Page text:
Five Reasons to Keep a Food Journal

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juggling scheduleIt’s a busy day at the office. 

Your schedule, packed with meetings and conference calls, overtakes the lunch hour.  Thankfully, someone ordered in sandwiches and salads at the last minute.  You return to your office between meetings, grab a gluten free cookie from your stash, a cup of coffee, and head to the boss’s office.  An hour later, you find yourself spending the rest of the afternoon in the restroom.

What went wrong?

While you swear never to eat such and such again, a wave of nausea comes over you, and your fingers begin to tingle.  You put a cool paper towel behind your neck and head for home, wondering if you have a fever.  After picking up the kids, you head to the soccer field, eating a handful of almonds to try to get something back in your system.  You arrive home, exhausted from the day, somewhere between starving and never wanting to eat again.  You heat up a bowl of soup, eat it gingerly, and although everything seems fine, you wake up suddenly in the middle of the night with abdominal pain.

The next morning, you ponder what could have happened.  While it could have been directly due to the food you ate, you wonder if it was a stomach bug.  You might even attribute the reaction to the stress of the day, as you replay it all in your mind.

While any of those causes may have triggered a less-than-friendly digestive response, there are a variety of other reasons that could be the culprit.  For example, there’s the possibility of cross-contamination from where the foods were prepared.  It’s also possible that that a different food or ingredient could have triggered a reaction, due to cross-reactivity (this occurs when a food “looks like” gluten to your body, so it fights it off, triggering a response).  You may have an undiagnosed sensitivity to another food, or the reaction may even represent another underlying health condition.  Without identifying the source of the reaction, you may tend to repeat it, or even shrug it off as something less than important.

The scenario described above is not all that uncommon in the realm of those dealing with gluten sensitivity.  What would you do differently the next day to ensure it didn’t happen again?  With our busy lives, it can be extremely difficult to identify the exact cause of our discomfort.  Sometimes, symptoms may not appear for several days after exposure to gluten.  In that case, it can be even more difficult to try to track backwards or recognize the cause.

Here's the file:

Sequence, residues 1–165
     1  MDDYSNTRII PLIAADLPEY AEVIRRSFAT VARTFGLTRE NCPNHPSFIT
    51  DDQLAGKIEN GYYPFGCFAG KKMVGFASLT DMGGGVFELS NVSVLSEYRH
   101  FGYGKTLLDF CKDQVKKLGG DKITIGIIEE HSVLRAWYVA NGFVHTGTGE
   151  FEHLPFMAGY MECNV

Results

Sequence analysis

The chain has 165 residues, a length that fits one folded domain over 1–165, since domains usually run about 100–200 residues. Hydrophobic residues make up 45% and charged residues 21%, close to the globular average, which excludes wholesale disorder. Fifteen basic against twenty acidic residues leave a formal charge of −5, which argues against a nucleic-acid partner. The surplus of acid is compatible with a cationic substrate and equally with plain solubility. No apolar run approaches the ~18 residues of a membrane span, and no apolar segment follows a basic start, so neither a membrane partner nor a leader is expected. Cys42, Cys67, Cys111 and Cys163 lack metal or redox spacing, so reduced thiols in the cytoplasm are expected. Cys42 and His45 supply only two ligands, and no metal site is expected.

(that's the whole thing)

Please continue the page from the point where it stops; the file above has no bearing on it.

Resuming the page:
Food Journaling

It’s extremely important for good long term health to identify the source of any reaction and eliminate it.  Every exposure to gluten, or to what the body thinks is gluten, can prevent full healing of the immune system.

Food journaling is a great way to aspire to optimal health through proper eating.  Whether you are just starting out on your gluten free journey, or to improve any aspect of your health, here are five great reasons to keep a food journal:

     Know your body

Knowledge is power!  Do you know specifically how your body reacts to different foods?  Not everyone reacts to gluten digestively; there may be other impacts that surprise you.  By writing down everything you consume (eat, drink, chew, ingest, medications, vitamins, etc.) and how you feel each day (including sleep pattern, skin changes, moods, and fatigue level), you will begin to identify the relationship between what you eat and how you feel.  This will also help identify foods, products, or restaurants that may not be safe for you on a regular basis.

     Establish what works (and what doesn’t)